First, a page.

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          Front Page




Bankrupt Candidate Gets Public Funds

By Jim Ludwick
Copyright 2007; Albuquerque Journal
    A new system for public financing of Albuquerque political campaigns has given about $32,000 to a City Council candidate who is in bankruptcy.
    Paulette de'Pascal is circulating a petition to get on the October ballot in District 4, the Northeast Heights area represented by Councilor Brad Winter.
    Under the new voter-approved system, a candidate who accepts public funding could not get money from other contributions, except for a limited amount of seed money from the candidate personally and contributors who provide small donations.
    Proponents of the system argued it would create a level playing field, giving a chance to candidates from all walks of life.
    In the case of de'Pascal, City Attorney Bob White said her campaign money won't be tied up by the bankruptcy. He said the money was distributed to a campaign account, and her personal bankruptcy should be irrelevant.
    De'Pascal says she is rebuilding from an ugly divorce that left her broke.
    De'Pascal filed for divorce in November 2004. On the same day, she was granted a domestic protection order.
    De'Pascal lost her job when she sought the divorce. She had been working at her husband's dental practice.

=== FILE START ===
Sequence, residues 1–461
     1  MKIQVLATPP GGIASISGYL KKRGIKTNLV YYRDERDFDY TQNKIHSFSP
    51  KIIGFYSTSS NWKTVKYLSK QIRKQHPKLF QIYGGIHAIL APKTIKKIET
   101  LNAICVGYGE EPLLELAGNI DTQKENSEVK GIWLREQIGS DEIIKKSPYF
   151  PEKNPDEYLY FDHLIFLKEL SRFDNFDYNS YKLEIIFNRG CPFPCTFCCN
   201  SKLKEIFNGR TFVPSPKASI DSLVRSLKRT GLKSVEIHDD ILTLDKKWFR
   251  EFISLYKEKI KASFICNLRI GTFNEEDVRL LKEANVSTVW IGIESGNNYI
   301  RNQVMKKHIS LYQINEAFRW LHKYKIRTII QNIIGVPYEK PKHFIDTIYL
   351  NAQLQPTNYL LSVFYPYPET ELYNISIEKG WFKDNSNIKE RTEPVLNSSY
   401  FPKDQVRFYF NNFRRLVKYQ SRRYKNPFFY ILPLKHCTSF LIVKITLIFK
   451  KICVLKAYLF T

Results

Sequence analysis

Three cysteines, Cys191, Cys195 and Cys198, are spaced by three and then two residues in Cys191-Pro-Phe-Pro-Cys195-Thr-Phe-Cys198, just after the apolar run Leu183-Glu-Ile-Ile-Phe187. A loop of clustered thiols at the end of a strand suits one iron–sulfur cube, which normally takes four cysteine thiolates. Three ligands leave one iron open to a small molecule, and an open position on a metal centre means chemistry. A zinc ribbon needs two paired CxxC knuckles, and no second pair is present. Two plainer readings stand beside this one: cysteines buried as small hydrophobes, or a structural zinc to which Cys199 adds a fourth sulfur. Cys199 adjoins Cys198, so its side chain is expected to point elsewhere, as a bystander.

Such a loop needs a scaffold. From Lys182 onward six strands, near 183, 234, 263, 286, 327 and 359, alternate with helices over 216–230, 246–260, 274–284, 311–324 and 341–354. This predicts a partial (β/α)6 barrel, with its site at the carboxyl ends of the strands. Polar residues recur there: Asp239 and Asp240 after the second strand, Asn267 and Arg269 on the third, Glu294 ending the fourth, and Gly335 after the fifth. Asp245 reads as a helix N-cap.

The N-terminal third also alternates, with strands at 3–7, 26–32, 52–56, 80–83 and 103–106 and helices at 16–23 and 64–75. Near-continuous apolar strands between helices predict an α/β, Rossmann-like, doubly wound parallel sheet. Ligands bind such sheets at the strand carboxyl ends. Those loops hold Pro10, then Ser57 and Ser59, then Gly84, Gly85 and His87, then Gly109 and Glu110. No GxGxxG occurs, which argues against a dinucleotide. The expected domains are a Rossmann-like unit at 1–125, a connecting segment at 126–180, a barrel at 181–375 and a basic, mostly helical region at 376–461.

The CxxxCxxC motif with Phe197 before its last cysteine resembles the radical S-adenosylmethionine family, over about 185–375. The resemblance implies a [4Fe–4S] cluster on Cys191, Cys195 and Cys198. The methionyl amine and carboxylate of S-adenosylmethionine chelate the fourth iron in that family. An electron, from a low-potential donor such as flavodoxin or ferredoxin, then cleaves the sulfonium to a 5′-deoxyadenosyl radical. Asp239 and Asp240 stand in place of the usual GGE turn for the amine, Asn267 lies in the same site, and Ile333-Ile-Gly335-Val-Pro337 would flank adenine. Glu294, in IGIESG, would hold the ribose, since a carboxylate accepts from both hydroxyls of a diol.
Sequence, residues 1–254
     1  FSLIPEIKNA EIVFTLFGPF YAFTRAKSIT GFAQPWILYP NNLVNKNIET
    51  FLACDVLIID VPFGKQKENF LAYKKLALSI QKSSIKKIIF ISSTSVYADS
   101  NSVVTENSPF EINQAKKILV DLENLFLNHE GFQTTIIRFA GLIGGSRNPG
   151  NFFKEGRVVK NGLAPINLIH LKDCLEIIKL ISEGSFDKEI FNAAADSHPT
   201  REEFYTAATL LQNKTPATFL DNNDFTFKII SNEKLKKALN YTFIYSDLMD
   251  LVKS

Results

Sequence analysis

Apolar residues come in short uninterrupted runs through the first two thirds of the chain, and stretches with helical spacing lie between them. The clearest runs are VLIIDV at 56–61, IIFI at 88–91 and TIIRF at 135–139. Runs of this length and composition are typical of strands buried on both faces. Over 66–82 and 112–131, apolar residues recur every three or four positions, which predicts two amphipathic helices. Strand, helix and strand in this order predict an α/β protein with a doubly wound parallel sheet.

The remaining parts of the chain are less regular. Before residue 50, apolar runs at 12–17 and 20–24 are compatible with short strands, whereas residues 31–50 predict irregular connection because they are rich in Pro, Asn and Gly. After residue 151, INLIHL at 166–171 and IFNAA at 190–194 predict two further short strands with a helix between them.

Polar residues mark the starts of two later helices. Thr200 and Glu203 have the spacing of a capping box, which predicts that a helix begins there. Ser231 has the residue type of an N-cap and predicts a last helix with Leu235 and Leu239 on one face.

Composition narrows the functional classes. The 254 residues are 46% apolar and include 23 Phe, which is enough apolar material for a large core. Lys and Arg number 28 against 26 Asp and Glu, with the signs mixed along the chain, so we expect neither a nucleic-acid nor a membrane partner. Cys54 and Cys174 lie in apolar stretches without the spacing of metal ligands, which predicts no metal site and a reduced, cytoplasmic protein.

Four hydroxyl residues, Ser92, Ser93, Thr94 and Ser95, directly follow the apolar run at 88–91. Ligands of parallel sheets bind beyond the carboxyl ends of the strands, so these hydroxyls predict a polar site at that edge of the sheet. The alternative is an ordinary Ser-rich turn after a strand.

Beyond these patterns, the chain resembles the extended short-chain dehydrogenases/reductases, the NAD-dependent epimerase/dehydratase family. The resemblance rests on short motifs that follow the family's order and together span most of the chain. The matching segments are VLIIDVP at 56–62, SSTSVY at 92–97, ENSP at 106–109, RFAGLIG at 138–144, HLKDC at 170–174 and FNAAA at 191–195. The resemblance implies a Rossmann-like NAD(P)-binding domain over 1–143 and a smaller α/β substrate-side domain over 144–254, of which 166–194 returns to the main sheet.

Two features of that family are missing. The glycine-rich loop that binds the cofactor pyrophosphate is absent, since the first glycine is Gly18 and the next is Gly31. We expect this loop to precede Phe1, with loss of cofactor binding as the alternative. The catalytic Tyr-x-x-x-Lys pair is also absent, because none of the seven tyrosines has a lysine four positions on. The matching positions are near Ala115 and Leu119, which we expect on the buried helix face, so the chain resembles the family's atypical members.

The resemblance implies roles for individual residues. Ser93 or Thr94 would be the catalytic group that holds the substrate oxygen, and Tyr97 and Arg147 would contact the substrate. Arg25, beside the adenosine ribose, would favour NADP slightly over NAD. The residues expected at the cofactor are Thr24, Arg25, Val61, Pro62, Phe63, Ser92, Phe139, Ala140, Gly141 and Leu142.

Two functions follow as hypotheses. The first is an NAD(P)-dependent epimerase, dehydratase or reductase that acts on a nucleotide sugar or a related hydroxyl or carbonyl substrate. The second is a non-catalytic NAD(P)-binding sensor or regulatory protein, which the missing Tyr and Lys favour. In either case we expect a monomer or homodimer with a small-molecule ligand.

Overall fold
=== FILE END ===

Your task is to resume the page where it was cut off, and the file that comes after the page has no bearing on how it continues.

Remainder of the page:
When the divorce proceedings got under way, her husband filed for Chapter 11 bankruptcy protection— reporting assets of more than $1 million, exceeding his liabilities by $59,000.
    Ronald Ziemann claimed de'Pascal had "embezzled" money because she had used joint bank accounts without his permission while they were married, according to court documents.
    De'Pascal says she did nothing wrong, was an owner of the accounts, and was careful about the proper use of business funds.
    The issue is being considered as part of a Chapter 7 bankruptcy that was filed by de'Pascal.
    In December 2005, a judge ruled that Ziemann owed de'Pascal $62,000 as an interim division of income and had to return a dental crown of hers that was in his possession. The crown is now in de'Pascal's mouth.
    She has been working as a marketing and public relations consultant. She also handles some real estate work.
    Her interest in the City Council stemmed partly from her own problems, she said.
    She has been emphasizing public safety, city services and possibilities for helping local schools.
    Voters "are not happy with the City Council as it is now. They want a change," she said.
    She's ready to deal with critics trying to capitalize on her personal problems. "The voting public is turned off by negative campaigning and sleazy smear tactics," she said.
    De'Pascal says the troubles she has faced would make her a better public servant. When it comes to helping people deal with problems, "I'm not on the outside looking in. I'm not window-shopping. I've been in the store," she said.
    "The divorce, the bankruptcy, horrible things that have been said, make me extremely sensitive to people who may be in the same situation."